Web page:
• Aug 7, 2006

Just as Americans continue to get fatter, so do our cars. According to the EPA, the average weight of a new vehicle in 2006 is a whopping 4,142 lbs - that's up a quarter-ton from ten years ago, and is the heaviest yet since the EPA began tracking the statistic in 1975. Not only does weight hurt fuel economy, but it also drags down performance. Adding additional horsepower is easy nowadays, but that of course hits economy a second time. The end result is that fuel economy improvements have stalled in the last decade, despite vastly improved engine technology.

This has prompted automakers to consider a variety of diet plans. The supplier of trim moldings for Buick's Lucerne managed to cut a whopping five pounds out of that vehicle's plastic and rubber trim, while the aluminum hood and deck of Chrysler's LX vehicles are said to shave 15-20 lbs. Such improvements seem minor, but when repeated several times throughout the vehicle, substantial gains can be had.

Of course, like any weight-loss program, it's much easier to put the weight on than it is to take it off, so the situation is unlikely to improve substantially until buyers accept a compromise in power, features, safety, size, or price. The likelihood of that, even at over $3/gallon, seems quite low at this time.

[Source: Autoweek/Automotive News]



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  • 17 Comments
      • 8 Years Ago
      from the edmunds write up on the new yaris S sedan:
      "21st-century Corolla
      Despite its subcompact label, the Yaris is longer, wider and heavier than the Echo it replaces and about the same size as that best-selling Corolla from a decade ago."
      • 8 Years Ago
      "OT, my ideal lightweight car:

      - 2.0 liter Inline-4 (~250HP) with:
      - LPT (1)
      - GDI (2)
      - High compression ratio
      - 8,000+ RPM redline
      - gobs of torque from 2,000 RPM till redline
      - 195/50-15 wheels/tires
      - RWD (AWD too heavy)
      - *MANUAL* six-speed
      - *NO MORE THAN* 2,000 pounds (~ 900 KG)
      - *NO MORE THAN* USD$20,000"

      its not possible to sell this car in the us, its just too small. at this point i will settle for a 2700 lb car with RWD. maybe a kappa car could loose a couple hundred pounds if they added a roof? such a car might never be made again.
      gbh
      • 8 Years Ago
      Between safety and customer-driven NVH and power demands, it is kinda nuts, isn't it?

      Remember when it was pretty simple?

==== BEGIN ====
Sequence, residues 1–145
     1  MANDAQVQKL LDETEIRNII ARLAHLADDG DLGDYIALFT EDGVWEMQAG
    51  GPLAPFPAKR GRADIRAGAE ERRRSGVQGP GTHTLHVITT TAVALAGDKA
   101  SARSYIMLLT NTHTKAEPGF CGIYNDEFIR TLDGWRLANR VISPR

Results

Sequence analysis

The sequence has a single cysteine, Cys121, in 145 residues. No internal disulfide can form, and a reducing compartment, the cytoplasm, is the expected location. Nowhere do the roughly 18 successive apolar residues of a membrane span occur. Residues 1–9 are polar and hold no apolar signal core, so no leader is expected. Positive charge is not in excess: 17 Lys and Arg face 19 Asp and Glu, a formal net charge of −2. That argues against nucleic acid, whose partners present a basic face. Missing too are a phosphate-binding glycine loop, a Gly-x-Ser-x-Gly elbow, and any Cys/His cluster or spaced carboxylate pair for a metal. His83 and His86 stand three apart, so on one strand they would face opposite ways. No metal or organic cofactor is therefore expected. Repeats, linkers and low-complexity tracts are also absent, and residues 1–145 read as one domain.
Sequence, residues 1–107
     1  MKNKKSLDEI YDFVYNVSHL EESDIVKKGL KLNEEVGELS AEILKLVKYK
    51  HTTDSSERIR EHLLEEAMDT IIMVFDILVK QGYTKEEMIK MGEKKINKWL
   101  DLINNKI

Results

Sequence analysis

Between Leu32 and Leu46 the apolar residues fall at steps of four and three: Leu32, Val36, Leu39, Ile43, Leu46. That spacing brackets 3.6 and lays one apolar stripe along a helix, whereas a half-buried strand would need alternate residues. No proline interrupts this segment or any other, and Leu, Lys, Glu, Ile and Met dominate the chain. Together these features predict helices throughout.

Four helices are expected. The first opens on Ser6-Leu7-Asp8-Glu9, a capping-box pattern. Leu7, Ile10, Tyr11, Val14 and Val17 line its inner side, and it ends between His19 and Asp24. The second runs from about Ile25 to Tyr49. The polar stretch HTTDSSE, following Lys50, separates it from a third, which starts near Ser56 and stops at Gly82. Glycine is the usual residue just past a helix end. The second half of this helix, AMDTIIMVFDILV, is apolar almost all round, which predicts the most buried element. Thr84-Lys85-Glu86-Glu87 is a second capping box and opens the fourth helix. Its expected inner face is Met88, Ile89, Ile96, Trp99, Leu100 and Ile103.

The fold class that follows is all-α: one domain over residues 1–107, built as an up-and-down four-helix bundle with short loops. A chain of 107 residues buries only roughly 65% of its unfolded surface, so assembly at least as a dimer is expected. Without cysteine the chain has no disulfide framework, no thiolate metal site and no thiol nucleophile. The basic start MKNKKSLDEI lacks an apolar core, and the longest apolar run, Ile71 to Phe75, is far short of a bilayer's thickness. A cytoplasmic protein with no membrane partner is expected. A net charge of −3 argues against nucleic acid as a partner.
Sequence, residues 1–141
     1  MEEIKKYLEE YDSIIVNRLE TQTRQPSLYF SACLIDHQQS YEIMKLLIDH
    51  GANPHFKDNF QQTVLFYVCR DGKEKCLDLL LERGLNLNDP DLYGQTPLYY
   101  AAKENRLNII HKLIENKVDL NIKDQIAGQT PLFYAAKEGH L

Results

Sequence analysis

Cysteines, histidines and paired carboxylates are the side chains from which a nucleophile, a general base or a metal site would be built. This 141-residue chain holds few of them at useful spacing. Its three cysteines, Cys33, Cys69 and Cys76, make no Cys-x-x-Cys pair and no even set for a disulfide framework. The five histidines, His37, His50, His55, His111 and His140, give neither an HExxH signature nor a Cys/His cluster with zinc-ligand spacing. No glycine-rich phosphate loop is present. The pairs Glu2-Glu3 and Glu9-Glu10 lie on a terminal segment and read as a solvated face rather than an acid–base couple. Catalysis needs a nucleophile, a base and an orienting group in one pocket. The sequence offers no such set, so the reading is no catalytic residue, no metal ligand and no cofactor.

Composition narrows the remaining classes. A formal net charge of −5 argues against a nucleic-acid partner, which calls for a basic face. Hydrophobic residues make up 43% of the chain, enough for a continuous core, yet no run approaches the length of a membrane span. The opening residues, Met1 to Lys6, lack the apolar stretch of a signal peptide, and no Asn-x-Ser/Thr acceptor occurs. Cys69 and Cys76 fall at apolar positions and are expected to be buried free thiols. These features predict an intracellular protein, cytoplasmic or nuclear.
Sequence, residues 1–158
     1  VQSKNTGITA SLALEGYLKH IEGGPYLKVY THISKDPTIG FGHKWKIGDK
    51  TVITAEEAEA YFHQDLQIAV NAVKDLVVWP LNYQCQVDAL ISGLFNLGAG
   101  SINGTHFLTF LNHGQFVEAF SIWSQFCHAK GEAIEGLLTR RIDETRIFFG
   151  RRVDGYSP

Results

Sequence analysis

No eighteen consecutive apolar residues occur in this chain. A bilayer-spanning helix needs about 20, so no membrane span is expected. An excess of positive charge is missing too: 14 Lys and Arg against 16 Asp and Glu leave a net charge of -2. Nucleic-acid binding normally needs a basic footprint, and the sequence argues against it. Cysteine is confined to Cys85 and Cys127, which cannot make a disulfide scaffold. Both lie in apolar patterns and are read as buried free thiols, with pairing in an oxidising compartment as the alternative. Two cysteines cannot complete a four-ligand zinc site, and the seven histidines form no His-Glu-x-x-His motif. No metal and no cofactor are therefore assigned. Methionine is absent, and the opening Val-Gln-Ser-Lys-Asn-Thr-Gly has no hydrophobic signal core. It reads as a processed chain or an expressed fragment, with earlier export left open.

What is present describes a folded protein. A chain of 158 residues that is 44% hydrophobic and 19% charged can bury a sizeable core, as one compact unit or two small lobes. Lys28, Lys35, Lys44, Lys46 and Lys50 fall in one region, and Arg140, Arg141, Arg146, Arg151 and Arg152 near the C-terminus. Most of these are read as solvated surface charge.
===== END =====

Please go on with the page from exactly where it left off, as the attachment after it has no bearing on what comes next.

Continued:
small: 2000#
      midsize: 3000#
      big/luxury: 3800-4500#

      The bright part of the future comes from composites - as they become more mainstream, there will be a huge loss in weight, with no compromise of safety or NVH.
      • 8 Years Ago
      FWIW, my non-feather duster (cast iron 4 speed, all steel, 6 cyl, 3.23 gears) clocks in at ~3200 lbs, is 197" long, 75" wide and I average 24-27mpg combined city/highway. this car is about 200-400 lbs heavier than a comparable 1970 model, mainly due to much heavier bumpers for front & rear crash protection (behind the chrome is a 1/4" wall C channel that's ~4"x6"x60", that's mounted to 2 3" diameter hydraulic shock absorbers, vs. the older ones which had no inner bumper, and simple, light steel mounts), and side door beams for side impact that the 70-72's didn't have.

      why are new cars heavier than older cars? crash protection is part of it, but a larger part of it is luxury features demanded. 1) power windows, the electric motors add 5-10 lbs over a hand crank per door. 2) A/C- the condensor, evaporator, compressor and lines add a good 50-75lbs over a non-A/C car. power door locks- the solenoids and wiring add probably a good 5-10lbs. power seats- again, the electric motors probably add 5lbs per motor (8 way seat probably has 4 motors), and NVH. all the other ancillary electronics (from engine controlls to heated cup holders, etc) requires a significant amount of wiring. copper isn't light. last time I was at the walter P chrysler museum, they had on display a complete vehicle wire harness from a late 50's imperial. IIRC, it had about 500 feet of wire. next to it, they had a complete vehicle intrepid/LHS harness, and there was over 1 mile of wire in it. for the cobalt owner-- your battery is in the trunk. that means there has to be a 00 gage wire going from the battery to the starter. that wire on my car with an engine compartment mounted battery is 2-3 feet. I'd imagine the cobalt's has got to be closer to 10'. little things like that add up. Another reason is NVH. noise damping is most effective by adding mass to a part to change it's natural frequency. most sound deadeners are a combination of fiberglass matt, rubber, or asphalt based. all that adds significant weight